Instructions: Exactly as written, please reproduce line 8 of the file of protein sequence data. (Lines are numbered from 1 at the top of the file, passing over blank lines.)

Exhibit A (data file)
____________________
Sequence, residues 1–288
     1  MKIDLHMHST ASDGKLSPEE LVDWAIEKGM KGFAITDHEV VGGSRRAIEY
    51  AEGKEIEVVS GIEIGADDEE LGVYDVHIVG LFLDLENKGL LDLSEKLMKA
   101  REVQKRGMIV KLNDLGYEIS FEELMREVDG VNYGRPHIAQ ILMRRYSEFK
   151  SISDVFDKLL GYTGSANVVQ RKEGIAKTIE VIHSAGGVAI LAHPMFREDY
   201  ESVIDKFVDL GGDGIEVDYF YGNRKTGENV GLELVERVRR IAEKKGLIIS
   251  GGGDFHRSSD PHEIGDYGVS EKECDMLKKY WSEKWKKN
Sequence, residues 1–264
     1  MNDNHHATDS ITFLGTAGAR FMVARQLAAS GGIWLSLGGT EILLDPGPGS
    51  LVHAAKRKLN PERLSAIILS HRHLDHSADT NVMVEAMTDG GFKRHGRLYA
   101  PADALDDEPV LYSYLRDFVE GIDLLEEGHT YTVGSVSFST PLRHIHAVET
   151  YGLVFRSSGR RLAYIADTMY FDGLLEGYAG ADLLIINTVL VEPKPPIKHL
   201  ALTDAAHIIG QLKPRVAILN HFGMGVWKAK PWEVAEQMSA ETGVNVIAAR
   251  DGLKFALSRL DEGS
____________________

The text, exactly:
Sequence, residues 1–264